Tough environment in your mouth
Your mouth’s environment is varied and tough. It plays host to many microscopic living organisms – namely bacteria. These bacteria can be neutral, helpful or harmful. For instance, out of the oral environment and in the bloodstream, the same bacteria can be very harmful.

The inside of your body is closer than you might think
Our teeth are attached to the surrounding bone via small flexible rubberlike fibres called the periodontal ligament (PDL). The fibres function as shock absorbers and reduce the risk of the bite force damaging the teeth. To protect this ligament, the body has a special barrier that we call the gums.

A front tooth, side aspect. The gums surround the tooth and protect it from bacterial invasions.

The gums are a part of our defense system
The gum surrounding the tooth contains a 1-3mm deep pocket. If you probe into the pocket, you can feel the bone (please don’t try this-at home; it is painful!). In and around this pocket, millions of bacteria gather. To protect the body against the bacteria and bacterial debris bombarding it 24/7, the gum contains many blood vessels, supplying the area with defence cells.

Balance or unbalance
When your gums are fresh, there is a balance between the attacking bacteria and the body’s defence. However, if an unbalance occurs (for instance, if your oral hygiene is compromised) the bacteria could attack and affect the gums, causing damage. Your body will attempt to heal the damaged gums. Defence mechanisms are activated through the blood stream. The body rapidly creates new blood vessels in order to transport more defence cells to the area. These blood vessels are fragile. You will not notice the increased blood supply initially, but flossing could lead to bleeding due to the fragile blood vessels rupturing. When you see blood on the dental floss, you might think you have done something wrong and may stop. However, you should continue flossing as the body needs help removing the bacteria. Occasionally, cleaning may fail and bacteria will enter the blood stream. In a healthy body this is not a problem but if your immune system is compromised, for any reason, the consequences can be severe.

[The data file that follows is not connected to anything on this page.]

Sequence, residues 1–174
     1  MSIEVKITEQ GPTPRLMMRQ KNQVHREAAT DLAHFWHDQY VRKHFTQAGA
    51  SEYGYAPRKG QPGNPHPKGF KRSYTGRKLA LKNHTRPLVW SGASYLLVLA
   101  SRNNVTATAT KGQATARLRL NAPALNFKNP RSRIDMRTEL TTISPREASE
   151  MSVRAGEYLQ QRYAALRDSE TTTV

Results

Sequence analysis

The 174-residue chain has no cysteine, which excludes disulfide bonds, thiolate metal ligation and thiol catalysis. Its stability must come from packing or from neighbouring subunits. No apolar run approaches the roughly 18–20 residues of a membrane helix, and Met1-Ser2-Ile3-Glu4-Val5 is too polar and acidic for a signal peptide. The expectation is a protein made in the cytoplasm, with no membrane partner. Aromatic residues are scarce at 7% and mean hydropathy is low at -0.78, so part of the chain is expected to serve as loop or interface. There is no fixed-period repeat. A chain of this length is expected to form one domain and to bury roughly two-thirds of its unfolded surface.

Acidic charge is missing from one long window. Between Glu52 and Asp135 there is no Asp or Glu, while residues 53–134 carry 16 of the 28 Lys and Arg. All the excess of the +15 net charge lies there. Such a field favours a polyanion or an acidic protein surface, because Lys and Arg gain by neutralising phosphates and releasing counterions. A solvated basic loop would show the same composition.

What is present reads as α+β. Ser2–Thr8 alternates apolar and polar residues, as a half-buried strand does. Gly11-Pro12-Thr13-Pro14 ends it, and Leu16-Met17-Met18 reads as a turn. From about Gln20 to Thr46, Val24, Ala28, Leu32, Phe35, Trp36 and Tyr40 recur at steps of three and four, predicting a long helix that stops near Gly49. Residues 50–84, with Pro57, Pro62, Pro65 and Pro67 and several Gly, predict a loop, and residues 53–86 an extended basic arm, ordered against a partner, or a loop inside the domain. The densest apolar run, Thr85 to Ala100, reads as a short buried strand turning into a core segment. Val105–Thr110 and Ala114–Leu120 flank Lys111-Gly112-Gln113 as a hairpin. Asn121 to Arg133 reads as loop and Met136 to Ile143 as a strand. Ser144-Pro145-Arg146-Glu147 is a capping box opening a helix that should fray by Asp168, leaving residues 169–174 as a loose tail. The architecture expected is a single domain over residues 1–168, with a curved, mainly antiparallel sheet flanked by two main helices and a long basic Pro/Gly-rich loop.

Restorations will be affected
All the filling materials we use are sensitive to liquid. In an inflamed environment, with gums prone to bleeding, it is difficult to create the dryness needed for predictable results.

 
Gums bleeding (left) during flossing is a sign of inflammation, most probably caused by bacterial infection. Healthy gums rarely bleed when flossed (right).

What you can do before you visit your dentist
Our dentists strongly recommend brushing and flossing twice daily. You may experience soreness and slight bleeding for the first couple of days, especially if you have never flossed before. You may miss up to 25 percent of the bacteria if you do not floss. This will affect your breath negatively too. In the beginning, flossing will take some getting used to, but it will quickly become a natural part of your daily routine.


The patient was not aware of the inflammation between the teeth. When the amalgams (top) were removed, the gums showed up inflamed and bleeding (middle). After replacing the old amalgam with ceramic onlays, the gum is healthy again.

A chronic bleeding gum can be one of the most common mouth diseases (periodontitis) that could lead to loss of teeth.